It's no timber skyscraper, but this striking new fly loft for London's Shaftesbury Theatre adds drama to city's evolving urban landscape. Designed by Bennetts Associates, the rusted steel box with a sawtooth top replaces the building's old wooden fly tower, a space used to store sets and props that couldn't accommodate the larger, more complicated pieces required by today's stage designers.
Fly lofts are a key architectural component of traditional theaters -- creating room above the stage for set pieces, curtains, and lights suspended on a counterweight pulley system. The new loft -- measuring more than 30 feet (10 meters) tall, and incorporating a new counterweight system -- can now accommodate more sophisticated sets.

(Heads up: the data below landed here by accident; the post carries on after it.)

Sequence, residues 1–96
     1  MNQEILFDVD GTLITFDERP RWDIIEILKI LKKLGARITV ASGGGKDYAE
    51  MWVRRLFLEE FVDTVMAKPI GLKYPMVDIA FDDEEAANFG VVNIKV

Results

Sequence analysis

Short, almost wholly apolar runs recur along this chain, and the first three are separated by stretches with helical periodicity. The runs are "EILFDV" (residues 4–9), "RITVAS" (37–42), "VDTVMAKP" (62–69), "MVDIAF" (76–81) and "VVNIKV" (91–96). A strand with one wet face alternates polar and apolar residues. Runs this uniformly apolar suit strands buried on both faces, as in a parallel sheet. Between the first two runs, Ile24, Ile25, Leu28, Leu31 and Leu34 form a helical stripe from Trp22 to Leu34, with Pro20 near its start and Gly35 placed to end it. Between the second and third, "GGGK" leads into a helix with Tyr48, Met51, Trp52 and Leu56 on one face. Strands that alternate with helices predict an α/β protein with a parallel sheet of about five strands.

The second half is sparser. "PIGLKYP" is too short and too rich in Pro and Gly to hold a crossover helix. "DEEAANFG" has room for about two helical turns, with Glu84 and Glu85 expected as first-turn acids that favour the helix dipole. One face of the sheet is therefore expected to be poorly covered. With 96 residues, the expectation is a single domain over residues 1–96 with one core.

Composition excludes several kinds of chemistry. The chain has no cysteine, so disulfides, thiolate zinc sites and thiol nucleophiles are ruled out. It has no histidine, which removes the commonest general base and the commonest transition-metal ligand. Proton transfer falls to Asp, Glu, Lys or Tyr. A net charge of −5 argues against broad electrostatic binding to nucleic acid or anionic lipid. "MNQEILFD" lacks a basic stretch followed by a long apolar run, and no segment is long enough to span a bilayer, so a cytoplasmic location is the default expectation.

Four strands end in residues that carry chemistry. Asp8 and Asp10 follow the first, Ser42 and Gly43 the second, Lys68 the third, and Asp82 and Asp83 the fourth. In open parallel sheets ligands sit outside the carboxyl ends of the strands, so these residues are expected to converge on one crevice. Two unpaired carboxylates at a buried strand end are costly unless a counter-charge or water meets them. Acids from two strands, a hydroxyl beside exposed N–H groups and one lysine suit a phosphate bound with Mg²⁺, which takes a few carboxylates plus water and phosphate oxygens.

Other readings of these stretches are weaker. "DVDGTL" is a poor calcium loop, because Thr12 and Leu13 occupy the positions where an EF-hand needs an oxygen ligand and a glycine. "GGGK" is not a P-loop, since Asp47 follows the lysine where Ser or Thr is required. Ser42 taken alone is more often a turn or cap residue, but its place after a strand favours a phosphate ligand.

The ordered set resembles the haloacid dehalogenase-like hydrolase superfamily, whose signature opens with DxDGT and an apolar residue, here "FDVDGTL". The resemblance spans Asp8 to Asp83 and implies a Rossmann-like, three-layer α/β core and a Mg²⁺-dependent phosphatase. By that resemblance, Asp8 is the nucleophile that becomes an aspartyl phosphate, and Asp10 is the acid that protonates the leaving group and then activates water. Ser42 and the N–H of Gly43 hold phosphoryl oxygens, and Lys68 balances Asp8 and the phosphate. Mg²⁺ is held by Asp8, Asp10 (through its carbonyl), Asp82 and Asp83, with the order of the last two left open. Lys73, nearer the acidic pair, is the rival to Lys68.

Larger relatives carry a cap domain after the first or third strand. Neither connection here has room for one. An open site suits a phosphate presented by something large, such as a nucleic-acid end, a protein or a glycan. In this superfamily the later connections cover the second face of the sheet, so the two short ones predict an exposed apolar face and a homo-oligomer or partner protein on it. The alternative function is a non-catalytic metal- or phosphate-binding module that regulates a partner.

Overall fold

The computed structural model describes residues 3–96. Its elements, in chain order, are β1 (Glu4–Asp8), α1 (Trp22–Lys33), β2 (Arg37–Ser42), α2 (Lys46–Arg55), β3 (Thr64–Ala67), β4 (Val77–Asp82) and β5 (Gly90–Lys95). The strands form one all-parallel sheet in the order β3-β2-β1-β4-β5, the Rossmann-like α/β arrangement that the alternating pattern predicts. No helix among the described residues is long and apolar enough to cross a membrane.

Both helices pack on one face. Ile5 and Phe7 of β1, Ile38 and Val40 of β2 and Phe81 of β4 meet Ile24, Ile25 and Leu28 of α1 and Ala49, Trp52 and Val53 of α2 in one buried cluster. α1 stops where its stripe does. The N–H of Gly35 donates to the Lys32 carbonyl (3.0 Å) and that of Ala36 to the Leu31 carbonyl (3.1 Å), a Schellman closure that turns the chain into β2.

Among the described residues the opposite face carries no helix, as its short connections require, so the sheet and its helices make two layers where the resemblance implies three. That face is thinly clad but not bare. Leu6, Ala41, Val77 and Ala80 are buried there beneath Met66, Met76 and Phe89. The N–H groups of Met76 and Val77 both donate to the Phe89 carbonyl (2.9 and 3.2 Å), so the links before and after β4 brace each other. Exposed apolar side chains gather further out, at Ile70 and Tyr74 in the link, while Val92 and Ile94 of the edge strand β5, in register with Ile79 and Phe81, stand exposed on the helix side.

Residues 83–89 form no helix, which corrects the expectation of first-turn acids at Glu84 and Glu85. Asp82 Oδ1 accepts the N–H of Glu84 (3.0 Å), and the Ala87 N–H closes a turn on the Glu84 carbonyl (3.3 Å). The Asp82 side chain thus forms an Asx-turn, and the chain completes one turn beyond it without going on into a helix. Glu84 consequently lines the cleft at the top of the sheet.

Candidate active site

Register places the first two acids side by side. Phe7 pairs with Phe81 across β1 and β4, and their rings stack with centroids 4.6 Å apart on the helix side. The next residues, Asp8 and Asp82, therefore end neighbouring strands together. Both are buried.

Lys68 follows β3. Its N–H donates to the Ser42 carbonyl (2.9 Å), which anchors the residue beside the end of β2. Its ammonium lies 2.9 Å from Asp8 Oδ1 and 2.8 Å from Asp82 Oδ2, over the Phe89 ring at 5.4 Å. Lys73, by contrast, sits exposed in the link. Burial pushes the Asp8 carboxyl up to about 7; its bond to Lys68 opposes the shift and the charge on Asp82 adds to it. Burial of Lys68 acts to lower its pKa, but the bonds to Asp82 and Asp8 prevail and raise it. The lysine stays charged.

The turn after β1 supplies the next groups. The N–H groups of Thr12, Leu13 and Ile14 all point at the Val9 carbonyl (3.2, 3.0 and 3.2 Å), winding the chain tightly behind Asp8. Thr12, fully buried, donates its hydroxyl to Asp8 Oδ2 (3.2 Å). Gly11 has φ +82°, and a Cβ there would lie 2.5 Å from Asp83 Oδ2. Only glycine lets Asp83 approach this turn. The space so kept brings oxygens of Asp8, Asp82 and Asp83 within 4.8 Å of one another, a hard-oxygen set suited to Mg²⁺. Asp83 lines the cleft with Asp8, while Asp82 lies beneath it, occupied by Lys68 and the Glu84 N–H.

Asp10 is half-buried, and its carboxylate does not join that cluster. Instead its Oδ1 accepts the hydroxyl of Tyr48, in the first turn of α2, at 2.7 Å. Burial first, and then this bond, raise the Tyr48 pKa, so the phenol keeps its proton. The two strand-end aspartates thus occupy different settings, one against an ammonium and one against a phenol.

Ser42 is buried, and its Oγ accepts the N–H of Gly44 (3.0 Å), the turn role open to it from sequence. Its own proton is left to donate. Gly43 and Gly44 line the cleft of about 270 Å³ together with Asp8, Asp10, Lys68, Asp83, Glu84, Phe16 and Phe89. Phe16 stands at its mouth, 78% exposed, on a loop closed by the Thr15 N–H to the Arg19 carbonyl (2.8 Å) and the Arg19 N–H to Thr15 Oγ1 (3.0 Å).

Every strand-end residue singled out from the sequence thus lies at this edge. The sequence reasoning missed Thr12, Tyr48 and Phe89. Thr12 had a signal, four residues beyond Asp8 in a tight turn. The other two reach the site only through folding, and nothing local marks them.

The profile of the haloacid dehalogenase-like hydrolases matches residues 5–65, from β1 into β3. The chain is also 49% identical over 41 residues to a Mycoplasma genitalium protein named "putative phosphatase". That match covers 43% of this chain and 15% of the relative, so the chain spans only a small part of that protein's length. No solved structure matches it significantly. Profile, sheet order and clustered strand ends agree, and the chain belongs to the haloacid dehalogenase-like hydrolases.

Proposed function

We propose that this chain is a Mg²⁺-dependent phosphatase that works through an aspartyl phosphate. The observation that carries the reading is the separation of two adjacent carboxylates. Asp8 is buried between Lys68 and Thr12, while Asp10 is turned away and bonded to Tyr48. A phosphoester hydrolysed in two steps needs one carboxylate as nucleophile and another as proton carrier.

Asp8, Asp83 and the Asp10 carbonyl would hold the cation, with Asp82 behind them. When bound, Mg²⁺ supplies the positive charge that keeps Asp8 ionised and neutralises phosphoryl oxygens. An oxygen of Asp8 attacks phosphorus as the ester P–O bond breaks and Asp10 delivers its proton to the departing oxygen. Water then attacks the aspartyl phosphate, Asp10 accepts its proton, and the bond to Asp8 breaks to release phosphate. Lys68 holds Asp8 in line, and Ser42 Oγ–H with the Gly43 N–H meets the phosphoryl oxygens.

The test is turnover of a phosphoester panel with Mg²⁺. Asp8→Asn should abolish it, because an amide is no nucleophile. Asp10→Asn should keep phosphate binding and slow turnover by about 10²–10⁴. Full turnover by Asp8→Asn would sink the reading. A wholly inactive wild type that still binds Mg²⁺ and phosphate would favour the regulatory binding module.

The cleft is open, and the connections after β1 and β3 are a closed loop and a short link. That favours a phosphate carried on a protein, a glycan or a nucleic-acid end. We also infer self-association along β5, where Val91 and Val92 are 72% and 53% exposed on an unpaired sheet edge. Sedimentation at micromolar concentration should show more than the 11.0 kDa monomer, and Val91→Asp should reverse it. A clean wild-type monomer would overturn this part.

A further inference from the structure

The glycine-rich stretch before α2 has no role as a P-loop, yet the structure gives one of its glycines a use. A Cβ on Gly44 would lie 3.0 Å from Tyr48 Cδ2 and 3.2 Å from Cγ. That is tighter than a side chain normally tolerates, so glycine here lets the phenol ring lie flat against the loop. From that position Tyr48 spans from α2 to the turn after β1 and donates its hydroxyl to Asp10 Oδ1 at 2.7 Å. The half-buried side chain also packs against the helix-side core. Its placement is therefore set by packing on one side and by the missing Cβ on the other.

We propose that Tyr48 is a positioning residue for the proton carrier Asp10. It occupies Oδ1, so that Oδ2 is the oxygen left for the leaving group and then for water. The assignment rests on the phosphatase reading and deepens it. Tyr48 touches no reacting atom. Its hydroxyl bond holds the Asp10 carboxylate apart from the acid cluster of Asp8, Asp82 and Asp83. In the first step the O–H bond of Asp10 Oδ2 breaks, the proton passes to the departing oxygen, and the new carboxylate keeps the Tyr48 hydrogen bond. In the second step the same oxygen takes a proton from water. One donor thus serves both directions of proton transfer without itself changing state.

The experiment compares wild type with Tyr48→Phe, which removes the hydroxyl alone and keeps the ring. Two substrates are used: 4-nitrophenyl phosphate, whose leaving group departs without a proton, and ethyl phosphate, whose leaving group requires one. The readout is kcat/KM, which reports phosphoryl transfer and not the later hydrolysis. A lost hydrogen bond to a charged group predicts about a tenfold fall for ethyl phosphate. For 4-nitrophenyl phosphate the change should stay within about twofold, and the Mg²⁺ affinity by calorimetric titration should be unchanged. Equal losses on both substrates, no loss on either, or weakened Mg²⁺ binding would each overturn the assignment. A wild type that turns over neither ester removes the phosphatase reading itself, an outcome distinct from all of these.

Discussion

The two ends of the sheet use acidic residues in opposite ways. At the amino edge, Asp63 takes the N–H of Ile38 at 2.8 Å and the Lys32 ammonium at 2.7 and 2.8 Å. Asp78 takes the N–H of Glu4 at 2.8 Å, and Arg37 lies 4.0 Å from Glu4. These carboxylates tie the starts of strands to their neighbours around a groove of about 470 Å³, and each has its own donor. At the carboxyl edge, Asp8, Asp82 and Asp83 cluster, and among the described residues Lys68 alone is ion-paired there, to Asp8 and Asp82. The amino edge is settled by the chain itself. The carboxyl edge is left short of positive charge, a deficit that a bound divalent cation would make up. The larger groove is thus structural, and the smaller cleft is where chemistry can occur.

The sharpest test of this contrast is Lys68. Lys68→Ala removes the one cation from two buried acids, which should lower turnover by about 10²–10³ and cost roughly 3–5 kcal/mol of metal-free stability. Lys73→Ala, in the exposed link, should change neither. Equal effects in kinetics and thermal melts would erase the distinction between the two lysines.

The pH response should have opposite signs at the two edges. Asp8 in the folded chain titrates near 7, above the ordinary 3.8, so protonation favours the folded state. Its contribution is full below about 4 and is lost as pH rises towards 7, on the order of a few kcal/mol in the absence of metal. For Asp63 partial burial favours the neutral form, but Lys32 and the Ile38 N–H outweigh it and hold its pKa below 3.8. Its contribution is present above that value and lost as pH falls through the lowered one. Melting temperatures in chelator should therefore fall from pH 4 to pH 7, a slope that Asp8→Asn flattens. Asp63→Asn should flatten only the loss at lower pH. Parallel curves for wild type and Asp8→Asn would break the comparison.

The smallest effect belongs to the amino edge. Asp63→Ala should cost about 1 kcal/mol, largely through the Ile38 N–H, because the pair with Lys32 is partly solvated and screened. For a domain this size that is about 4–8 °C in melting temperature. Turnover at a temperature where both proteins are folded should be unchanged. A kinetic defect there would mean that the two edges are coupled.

The $7.1 million (£5 million) addition also includes new workspace for the theater's administrative and production offices.
Inside, theater-goers will notice few changes to the ornate, Renaissance-style building constructed in 1911 and designed by Bertie Crewe.
But outside, the bright orange rust of the weathered steel contrasts beautifully with the original structure's ornamented terra cotta. The patina of the steel feels more at home alongside the existing building's aged facade.